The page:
# Create smooth colour map from given array for ListPlot3D

I am trying to find the Mathematica equivalent for Python Matplotlib's cmap option, to be used with ListPlot3D[].

Here is the situation. I want to supply (N,1)-sized arrays for the position x,y,z, and then an extra (N,1)-sized array clr that gets mapped onto some colour map that colours the different points. In Python, such data can be simply plotted using a scatter plot, and then coloured using the existing cmap option. For example, here is such a scatter plot coloured using a cmap acting on the array clr: To get an interpolated, smooth version of the data, I prefer to plot it in Mathematica using ListPlot3D[]. For example, the following, created using a default z-based colour map: But I cannot figure out the equivalent of a custom cmap based on the array clr. Of course, I would like the colours to be interpolated smoothly as well. Is this possible?

• There's an extensive list here of the colormaps supported by matplotlib, but I can't seem to find the colormap you used in there. Can you check your code and see what colormap (maybe the default?) was used? – J. M.'s discontentment Aug 1 '17 at 2:17
• @J.M. Indeed, it is the default BlueGreenYellow colormap. – ap21 Aug 16 '17 at 16:34
• The second plot uses that, yes. I was asking about the one you generated in matplotlib. – J. M.'s discontentment Aug 16 '17 at 16:51
• Ah, this is a Plotly 3d scatter plot. Not matplotlib. It uses the default Plotly colormap. See here: community.plot.ly/t/… – ap21 Aug 17 '17 at 4:20
• Well, the way you phrased it in your post was confusing. :) So, you'd like a surface produced with ListPlot3D[], but colored with (apparently) the "Portland" colormap? (Also, can you maybe post (a small sample of) your data to Pastebin?) – J. M.'s discontentment Aug 17 '17 at 4:36

Since the OP was unable/unwilling to provide data, I'm coming up with my own:

states = Entity["AdministrativeDivision", {#, "UnitedStates"}] & /@
CountryData["UnitedStates", "Regions"];

pos = Reverse[First[EntityValue[#, "Position"]]] & /@ states;

logPop = Log10[N[QuantityMagnitude[EntityValue[#, "Population"]]]] & /@ states;

logGSP = Log10[QuantityMagnitude[EntityValue[#, "GrossStateProduct"]]] & /@ states;


For the purposes of this answer, I'll use the triplet of pos with logPop as the $x$-$y$-$z$ data, and use logGSPas the color map. Let's plot the data first as is:

dat = MapThread[Append, {pos, logPop}];
ListPlot3D[dat, ViewPoint -> {-2.4, -1.3, 2.}] Now, here is how to color with respect to logGSP: we create an interpolating function by feeding the values of logGSP rescaled to $[0,1]$ along with the associated $x$ and $y$ to Interpolation[]:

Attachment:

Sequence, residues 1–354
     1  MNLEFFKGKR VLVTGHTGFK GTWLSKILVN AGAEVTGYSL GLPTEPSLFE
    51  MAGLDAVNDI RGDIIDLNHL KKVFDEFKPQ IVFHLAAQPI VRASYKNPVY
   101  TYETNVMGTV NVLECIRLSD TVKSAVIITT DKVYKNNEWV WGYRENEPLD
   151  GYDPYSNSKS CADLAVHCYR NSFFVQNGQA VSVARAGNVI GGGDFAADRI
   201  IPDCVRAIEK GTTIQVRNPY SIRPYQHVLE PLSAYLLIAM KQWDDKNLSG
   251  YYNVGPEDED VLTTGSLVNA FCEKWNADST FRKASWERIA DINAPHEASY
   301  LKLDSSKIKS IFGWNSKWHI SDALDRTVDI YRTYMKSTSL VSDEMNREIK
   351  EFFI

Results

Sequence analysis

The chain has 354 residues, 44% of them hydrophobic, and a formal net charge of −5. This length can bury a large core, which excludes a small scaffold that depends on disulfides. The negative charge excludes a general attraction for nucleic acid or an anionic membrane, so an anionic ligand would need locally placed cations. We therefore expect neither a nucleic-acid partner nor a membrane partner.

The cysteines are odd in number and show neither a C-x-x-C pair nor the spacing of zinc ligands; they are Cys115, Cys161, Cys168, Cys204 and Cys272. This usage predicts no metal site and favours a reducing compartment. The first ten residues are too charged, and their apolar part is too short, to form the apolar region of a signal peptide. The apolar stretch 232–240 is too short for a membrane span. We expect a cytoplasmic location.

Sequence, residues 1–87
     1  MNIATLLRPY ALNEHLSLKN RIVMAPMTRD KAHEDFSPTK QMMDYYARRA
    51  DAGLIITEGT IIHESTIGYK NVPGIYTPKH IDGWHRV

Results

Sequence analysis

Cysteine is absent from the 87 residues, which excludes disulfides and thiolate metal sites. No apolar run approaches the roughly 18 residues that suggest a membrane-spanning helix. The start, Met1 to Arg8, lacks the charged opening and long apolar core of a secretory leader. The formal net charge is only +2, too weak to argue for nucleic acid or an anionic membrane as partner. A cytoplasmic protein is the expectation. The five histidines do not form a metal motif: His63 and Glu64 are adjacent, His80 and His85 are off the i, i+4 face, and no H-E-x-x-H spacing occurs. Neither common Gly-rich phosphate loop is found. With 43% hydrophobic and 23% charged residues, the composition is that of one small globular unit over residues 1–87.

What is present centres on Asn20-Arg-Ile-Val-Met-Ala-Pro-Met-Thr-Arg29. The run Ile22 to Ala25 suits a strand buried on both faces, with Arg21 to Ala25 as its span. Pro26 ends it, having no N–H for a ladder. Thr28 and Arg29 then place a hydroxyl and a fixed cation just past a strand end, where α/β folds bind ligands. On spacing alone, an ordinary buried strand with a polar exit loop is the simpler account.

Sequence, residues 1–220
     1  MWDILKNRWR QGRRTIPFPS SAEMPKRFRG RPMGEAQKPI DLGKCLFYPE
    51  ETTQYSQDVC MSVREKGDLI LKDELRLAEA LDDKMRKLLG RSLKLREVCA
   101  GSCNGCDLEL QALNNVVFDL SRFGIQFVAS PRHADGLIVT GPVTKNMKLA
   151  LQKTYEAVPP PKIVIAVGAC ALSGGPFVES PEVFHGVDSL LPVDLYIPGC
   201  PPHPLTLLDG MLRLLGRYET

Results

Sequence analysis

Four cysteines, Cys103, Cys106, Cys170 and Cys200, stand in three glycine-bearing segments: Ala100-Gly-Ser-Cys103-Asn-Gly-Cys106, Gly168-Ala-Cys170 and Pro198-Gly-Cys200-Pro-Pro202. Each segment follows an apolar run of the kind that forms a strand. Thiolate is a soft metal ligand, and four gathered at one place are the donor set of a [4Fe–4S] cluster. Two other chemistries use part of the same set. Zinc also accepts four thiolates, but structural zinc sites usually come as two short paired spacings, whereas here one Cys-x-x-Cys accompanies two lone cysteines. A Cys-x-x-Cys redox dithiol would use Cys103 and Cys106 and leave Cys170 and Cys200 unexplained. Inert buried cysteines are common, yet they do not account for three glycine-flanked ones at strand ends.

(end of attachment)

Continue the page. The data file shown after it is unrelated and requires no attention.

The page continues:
ifun = Interpolation[MapThread[Append, {pos, Rescale[logGSP]}]];


(There is a warning thrown, but it is mostly harmless here.)

From here, we can use ifun along with an appropriate color function. Let's borrow the one in plotly used in the OP's picture:

portland = Blend[{RGBColor[4/85, 1/5, 131/255], RGBColor[2/51, 8/15, 62/85],
RGBColor[242/255, 211/255, 56/255], RGBColor[242/255, 143/255, 56/255],
RGBColor[217/255, 2/17, 2/17]}, #] &;


Now let's put it all together, along with Legended[] to provide a sense of what the colors map to:

rng = MinMax[logGSP];
Legended[ListPlot3D[dat, ColorFunction -> Function[{x, y, z}, portland[ifun[x, y]]],
ColorFunctionScaling -> False, Lighting -> "Neutral",
PlotStyle -> Specularity[0.9, 50], PlotTheme -> None,
ViewPoint -> {-2.4, -1.3, 2.}],
BarLegend[{portland[Rescale[#, rng]] &, rng}]] For comparison purposes, here is the result if one uses Nearest[Thread[pos -> Rescale[logGSP]]] as the coloring function: OK, I found an answer to this in a separate post: Smooth 4D (3D + color) plot from discrete points

The trick is to define a custom ColorFunction (not easy) as done in the link above:

data = Import["~/Downloads/furan-ks.sdat", "Table"];

nf = Nearest[data[[All, {1, 2, 3}]] -> Rescale[data[[All, 4]]]]

colfun = ColorData["Rainbow"]@First@nf[{#1,#2,#3}]&


data is a 4-column data array, and the definitions of nf and colfun are sufficient to paint the surface plot according to the value of the 4th column. How this works is explained in the link above.

As opposed to what is written in the above link, this custom ColorFunction works with both ListSurfacePlot3D and ListPlot3D (and other similar 3D functions, I presume). You just need to add the options ColorFunction -> colfun, ColorFunctionScaling -> False.

In the end, my plot looks as follows: